U.S. Patent No. 8,121,449, issued on February 21, 2012 to Redfern Integrated Optics, Inc. (RIO) of Santa Clara, CA, discloses a planar photonic waveguide with a Bragg grating having an asymmetric reflectance spectrum.
The ’449 patent explains that a Bragg grating formed in a planar waveguide generally has a reflectance versus wavelength with a central peak at the Bragg wavelength and multiple side lobes with lower reflectances located on either side of the peak. For some applications (e.g., filtering), these side lobes are desirably as small as possible, so that the Bragg grating reflects only light having the Bragg wavelength. For other applications (e.g., external-cavity lasers), suppression of the side lobes on the longer-wavelength side of the peak are more important than those on the shorter-wavelength side. The ’449 patent discloses a structure of the planar waveguide’s Bragg grating that has a cross-sectional dimension that varies symmetrically in both directions along the grating from a center of the grating such that the longer-wavelength side lobes are suppressed relative to the shorter-wavelength side lobes.
According to its website, RIO “develops and manufactures optical sources and subsystems based on its proprietary planar external cavity laser technology.” RIO’s PLANEX™ series of narrow linewidth single frequency external cavity laser diodes is described as consisting of “a gain chip and a planar lightwave circuit (PLC) that includes a Bragg grating.” There’s no indication on its website whether RIO’s products utilize the type of Bragg grating described in the ’449 patent.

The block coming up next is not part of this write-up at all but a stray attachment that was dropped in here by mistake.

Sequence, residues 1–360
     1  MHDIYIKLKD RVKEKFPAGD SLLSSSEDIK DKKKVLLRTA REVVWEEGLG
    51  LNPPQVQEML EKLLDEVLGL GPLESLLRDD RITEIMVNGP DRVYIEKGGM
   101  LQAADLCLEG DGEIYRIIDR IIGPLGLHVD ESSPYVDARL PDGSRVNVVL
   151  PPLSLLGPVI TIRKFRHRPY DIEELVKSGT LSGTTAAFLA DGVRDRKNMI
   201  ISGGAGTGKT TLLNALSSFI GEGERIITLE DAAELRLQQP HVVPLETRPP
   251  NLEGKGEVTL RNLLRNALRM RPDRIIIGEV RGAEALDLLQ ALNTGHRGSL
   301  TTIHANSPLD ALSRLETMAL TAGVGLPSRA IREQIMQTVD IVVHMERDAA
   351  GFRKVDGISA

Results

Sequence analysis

The ’449 patent almost was never issued because of a missed deadline. The USPTO mailed an office action to RIO’s representative in April 2008 in which most of the claims were rejected, but some claims were deemed to include allowable subject matter. Applicants are given a maximum of six months to respond to such office actions, however, RIO never filed a response within this time period, so the application was deemed abandoned by the USPTO. Nearly three years to the day after the office action was mailed, in April 2011, RIO filed its response to the office action, along with a petition and fee to the USPTO to revive the patent application on the basis that the entire delay in responding was unintentional. The petition was granted soon afterwards, and the ’449 patent eventually issued.
Under its rules, the USPTO does not require evidence be submitted in support of the statement that the entire delay was unintentional. The USPTO can request additional information if there is a question that the entire delay was unintentional, but basically, the USPTO merely checks to see that the required forms and fees have been submitted. However, even when the petition is granted and the patent is issued, there can be a black mark on the patent that can give a competitor an opening to get away with infringement.
For example, if RIO ever sues an accused infringer of the ’449 patent, the accused infringer will likely challenge the validity of the ’449 patent on the basis that RIO’s entire delay in responding actually was not unintentional (e.g., by proving that RIO knew of the abandonment for a period of time before preparing and filing the petition to revive). If the accused infringer is successful, the patent would be deemed invalid, so there would be no infringement. Thus, by being abandoned and then revived, the ’449 patent has a shadow on it that could affect its ability to exclude others from making, using, and selling the claimed invention.